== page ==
Canadian Consulting Engineer

Canada’s 2015 national building codes now official

July 13, 2016   CCE

http://www.nrc-cnrc.gc.ca/eng/publications/codes_centre/2015_national_building_code.html

http://www.nrc-cnrc.gc.ca/eng/publications/codes_centre/2015_national_building_code.html

The National Research Council’s Canadian Codes Centre officially launched the new version of the National Model Construction Codes (“Codes Canada”) on June 28.

The 2015 editions of the codes “respond to the changing needs of Canadians and to new technologies, materials and research,” according to the NRC.

Among the 600 changes in the new codes, some of the most significant are:

– a provision that all buildings in Canada will now be designed for earthquake forces regardless of the level of hazard;

– new flow rates in showers to reduce water usage in buildings;

– higher standards for automatic sprinkler systems to allow for the construction of six-storey buildings;

– new accessibility requirements for stairs and washrooms;

– an increased run dimension of steps inside houses from the current minimum of 210 mm to a new minimum of 254 mm, for safety.
The Canadian building codes include the National Building Code, the National Fire Code, the National Plumbing Code, and the National Energy Code for Buildings. The national codes have to be adopted by provinces and territories to become law.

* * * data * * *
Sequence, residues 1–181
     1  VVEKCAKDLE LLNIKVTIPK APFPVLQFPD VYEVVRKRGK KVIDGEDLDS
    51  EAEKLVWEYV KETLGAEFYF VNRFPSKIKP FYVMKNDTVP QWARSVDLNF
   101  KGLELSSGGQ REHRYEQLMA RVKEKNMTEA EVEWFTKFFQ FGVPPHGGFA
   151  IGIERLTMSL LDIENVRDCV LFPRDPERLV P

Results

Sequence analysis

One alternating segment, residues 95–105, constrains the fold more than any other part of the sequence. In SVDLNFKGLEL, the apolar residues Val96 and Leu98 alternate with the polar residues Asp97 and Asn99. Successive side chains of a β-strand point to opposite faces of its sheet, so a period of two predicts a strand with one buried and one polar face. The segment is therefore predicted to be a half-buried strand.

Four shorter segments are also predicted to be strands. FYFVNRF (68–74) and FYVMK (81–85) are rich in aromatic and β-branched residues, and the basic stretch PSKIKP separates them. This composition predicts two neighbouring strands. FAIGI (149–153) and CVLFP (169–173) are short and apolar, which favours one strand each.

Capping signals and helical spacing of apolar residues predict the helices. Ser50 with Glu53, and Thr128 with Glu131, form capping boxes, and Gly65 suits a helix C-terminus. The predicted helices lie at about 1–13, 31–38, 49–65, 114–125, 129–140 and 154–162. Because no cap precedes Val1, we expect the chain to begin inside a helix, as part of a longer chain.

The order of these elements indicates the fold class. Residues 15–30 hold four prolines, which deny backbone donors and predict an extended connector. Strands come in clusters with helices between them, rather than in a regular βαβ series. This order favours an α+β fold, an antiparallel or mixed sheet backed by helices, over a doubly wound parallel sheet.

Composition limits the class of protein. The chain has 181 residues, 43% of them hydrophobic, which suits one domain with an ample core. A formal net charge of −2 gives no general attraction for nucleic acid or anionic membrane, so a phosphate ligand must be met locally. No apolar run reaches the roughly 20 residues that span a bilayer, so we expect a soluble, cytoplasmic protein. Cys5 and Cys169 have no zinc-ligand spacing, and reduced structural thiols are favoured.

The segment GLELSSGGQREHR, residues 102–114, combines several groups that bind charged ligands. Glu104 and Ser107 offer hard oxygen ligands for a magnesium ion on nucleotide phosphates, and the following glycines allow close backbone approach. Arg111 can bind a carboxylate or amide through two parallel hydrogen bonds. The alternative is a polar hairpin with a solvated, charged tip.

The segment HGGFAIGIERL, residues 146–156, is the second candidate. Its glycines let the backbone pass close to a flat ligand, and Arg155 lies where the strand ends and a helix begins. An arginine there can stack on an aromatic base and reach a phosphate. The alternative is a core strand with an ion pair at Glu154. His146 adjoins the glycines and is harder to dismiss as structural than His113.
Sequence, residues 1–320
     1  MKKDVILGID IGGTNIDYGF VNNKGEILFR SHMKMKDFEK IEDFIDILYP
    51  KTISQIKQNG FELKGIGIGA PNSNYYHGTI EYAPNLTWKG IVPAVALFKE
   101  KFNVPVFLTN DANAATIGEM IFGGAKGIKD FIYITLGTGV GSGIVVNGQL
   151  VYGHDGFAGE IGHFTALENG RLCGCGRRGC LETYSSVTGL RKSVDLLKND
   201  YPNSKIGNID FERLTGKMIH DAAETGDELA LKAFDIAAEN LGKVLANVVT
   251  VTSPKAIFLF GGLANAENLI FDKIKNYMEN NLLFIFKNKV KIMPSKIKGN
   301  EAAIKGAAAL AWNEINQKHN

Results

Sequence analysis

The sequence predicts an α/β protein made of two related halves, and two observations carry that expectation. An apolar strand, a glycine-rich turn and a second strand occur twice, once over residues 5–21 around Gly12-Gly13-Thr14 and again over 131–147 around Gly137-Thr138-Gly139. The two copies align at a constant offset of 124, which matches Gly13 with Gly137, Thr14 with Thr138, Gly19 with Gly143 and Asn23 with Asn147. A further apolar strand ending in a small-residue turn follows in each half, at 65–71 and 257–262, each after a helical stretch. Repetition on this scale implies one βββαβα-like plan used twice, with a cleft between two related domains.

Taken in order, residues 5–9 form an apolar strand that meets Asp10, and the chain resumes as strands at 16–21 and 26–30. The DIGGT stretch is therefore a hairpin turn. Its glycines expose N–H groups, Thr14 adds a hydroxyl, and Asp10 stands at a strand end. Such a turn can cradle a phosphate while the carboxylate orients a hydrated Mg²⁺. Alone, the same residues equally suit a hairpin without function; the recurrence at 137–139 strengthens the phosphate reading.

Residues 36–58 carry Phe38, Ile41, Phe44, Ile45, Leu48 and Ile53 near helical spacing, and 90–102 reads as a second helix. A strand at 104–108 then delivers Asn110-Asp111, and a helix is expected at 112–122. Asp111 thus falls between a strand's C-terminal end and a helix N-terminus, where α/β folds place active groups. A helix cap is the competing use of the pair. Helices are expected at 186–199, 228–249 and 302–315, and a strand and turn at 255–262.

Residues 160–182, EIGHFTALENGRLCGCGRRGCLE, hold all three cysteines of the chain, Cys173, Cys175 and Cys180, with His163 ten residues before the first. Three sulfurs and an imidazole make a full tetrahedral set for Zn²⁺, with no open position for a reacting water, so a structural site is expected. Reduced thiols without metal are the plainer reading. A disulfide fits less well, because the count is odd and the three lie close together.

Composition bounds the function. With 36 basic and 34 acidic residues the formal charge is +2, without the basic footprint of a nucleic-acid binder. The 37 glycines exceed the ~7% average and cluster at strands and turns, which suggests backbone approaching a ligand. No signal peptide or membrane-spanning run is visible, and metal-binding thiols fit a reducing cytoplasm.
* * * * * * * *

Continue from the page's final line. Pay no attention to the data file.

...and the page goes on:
The next editions in 2020 will include provisions to allow for climate change. The Government of Canada has announced it will spend an additional $40 million over five years to integrate climate resilience into building design guides and codes.

Douglas Crawford, Chair of the Canadian Commission on Building and Fire Codes, noted that the development of the new 2015 codes involved dedicated work by hundreds of volunteers, and broad consultation with stakeholders.

Canada’s national building codes were launched 75 years ago, in 1941, by the Division of Building Research.

To read the June 28 press release, click here.

To access the 2015 national building codes, click here.

To read a previous article about the code changes, click here.

New Canadian Building Codes have 400 changes


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